Most parents would agree that when it comes to raising children, the old adage “the days are long, but the years are short” rings true. It also applies when we look at education funding. You can’t start saving too soon when it comes to college, since age 18 may be here before you know it.

Sending a child to college has become extremely expensive. For the 2017-18 school year, the College Board found the median annual public four-year college tuition (out of state) was $36,420, while a private four-year college tuition was $46,950. The U.S. Department of Education has consistently shown that a college degree is a key factor in financial success and stability in life. On average, college graduates earn 66 percent more than those with only a high school diploma.  For parents, the question isn’t should my child attend college, but rather where.

When is the right time to start saving for college? This is a question that should be addressed when you are expecting. While parents-to-be are setting up baby registries and comparing costs of daycare providers, 529 planning must also be considered as you need to be ready to start saving for college the moment the baby arrives.

Strategy as Simple as Your ABCs

529 plans cannot be opened until the baby is born and has a Social Security number. Expectant parents still have the luxury of discussion time that they won’t once the baby arrives. What are your goals for education funding? They may range from trying to fund enough for public school tuition to ensuring there is enough in the plan for graduate school. The vision is yours and will be unique to your goals.

Once you agree on funding goals, it’s time to implement and the best approach is to focus on the ABCs of 529 planning: age-based, budgeted and consistent.

A is for Age-Based

College funding is an investment you must do correctly because you only have 18 years to achieve your objectives. There are numerous 529 plans to consider and deciding how to proceed can be overwhelming.

Start by focusing on age-based plans, in which asset allocation is managed on your behalf. The asset mix starts out fairly aggressive and becomes more conservative as the child gets closer to using the plan. These plans are similar to target retirement funds found in 401(k) and 403(b) plans. They tend to be cost-effective and allow parents to “set it and forget it.” The plan takes care of the necessary reallocation, adjusting it based on your child’s age.

B is for Budget

Once you have selected your plan, you can focus on developing your overall budget post-baby’s birth, including expenses such as daycare, diapers, clothing, etc. While any amount you fund towards the 529 helps, parents should strive to fund the plan with $500 a month ($6,000 per year.) At this level, assuming a moderate annualized growth rate of 6%, parents will likely have an approximate $157,000 saved by the time the child turns 18.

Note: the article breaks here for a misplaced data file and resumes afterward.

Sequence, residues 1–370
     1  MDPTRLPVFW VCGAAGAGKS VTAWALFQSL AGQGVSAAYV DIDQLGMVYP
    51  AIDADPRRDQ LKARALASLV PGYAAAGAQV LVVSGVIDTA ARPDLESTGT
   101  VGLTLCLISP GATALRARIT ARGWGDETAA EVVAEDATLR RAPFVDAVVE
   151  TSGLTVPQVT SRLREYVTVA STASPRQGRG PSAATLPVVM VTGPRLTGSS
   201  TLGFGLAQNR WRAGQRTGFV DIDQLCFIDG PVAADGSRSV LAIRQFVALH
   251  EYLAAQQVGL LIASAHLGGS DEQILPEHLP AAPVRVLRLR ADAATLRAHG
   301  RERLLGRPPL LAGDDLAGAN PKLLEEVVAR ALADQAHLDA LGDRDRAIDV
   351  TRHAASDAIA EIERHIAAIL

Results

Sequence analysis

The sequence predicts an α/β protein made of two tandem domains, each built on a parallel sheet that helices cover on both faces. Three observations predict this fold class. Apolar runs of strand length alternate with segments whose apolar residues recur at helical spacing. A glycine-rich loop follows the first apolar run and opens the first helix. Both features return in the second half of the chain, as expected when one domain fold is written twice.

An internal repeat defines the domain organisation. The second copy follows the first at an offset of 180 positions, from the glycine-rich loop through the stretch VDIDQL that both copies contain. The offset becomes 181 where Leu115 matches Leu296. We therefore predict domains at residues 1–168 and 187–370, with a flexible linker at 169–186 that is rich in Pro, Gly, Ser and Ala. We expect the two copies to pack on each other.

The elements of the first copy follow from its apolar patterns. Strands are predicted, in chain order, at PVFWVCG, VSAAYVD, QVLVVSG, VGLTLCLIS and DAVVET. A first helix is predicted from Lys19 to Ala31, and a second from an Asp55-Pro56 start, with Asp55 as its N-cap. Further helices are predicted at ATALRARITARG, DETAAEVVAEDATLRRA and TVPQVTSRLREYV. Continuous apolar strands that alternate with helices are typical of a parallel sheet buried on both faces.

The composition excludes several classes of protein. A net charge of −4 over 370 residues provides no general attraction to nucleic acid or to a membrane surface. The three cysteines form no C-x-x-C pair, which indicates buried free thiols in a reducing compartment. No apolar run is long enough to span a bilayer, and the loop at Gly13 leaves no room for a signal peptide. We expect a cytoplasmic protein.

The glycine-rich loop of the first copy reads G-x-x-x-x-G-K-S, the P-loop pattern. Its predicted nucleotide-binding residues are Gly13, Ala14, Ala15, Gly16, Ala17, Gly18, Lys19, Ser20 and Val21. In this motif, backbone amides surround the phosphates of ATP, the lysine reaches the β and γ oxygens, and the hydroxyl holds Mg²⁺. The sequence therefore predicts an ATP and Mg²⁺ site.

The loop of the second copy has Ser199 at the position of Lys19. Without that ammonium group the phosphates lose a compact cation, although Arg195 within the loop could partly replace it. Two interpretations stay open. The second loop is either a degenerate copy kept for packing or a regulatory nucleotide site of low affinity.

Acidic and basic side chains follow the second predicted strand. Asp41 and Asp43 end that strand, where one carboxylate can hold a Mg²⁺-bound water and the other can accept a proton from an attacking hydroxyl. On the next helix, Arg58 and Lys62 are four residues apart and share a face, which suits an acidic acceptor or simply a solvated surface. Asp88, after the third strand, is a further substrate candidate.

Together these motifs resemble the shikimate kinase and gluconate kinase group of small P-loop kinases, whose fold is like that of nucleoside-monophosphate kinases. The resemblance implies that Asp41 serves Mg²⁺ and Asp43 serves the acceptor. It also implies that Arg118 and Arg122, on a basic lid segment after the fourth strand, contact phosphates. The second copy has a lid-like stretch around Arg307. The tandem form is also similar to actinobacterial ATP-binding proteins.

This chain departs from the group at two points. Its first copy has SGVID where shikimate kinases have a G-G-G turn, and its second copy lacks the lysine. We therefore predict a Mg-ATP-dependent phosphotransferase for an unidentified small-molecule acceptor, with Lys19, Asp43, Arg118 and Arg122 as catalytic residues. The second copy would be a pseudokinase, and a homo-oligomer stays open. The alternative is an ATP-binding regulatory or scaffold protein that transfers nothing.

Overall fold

Keep in mind that expenses tend to increase as children get older. By planning a significant monthly 529 plan investment right from the start, you’ll be able to benefit from the maximum time horizon for asset growth.

 C is for Consistent

Being consistent out of the gate with the monthly amount you automatically fund is important to setting good 529 planning habits. In the recent College Savings IQ Study, Fidelity found that on average, most parents underestimate the cost of college and the amount that needs to be saved. But the study also found that parents who use 529 plans have approximately 50 percent more in their college savings than those without 529 plans.

The best way to ensure consistency in 529 funding is to have the money go into the plan automatically. You may even be able to have the amount transferred from your paycheck directly into the plan. Consistent and regular funding will enable you to accrue a significant amount without overthinking it.

Follow the ABCs to College

Expectant parents should feel confident that a 529 plan strategy developed during pregnancy has the depth and structure to help them fund their child’s education. Of course, any strategy should be reviewed on a regular basis, but by sticking to these key ABC fundamentals, expectant parents can feel confident that they will be establishing a foundation for their child’s financial success.



This article was written by Megan Gorman from Forbes and was legally licensed through the NewsCred publisher network. Please direct all licensing questions to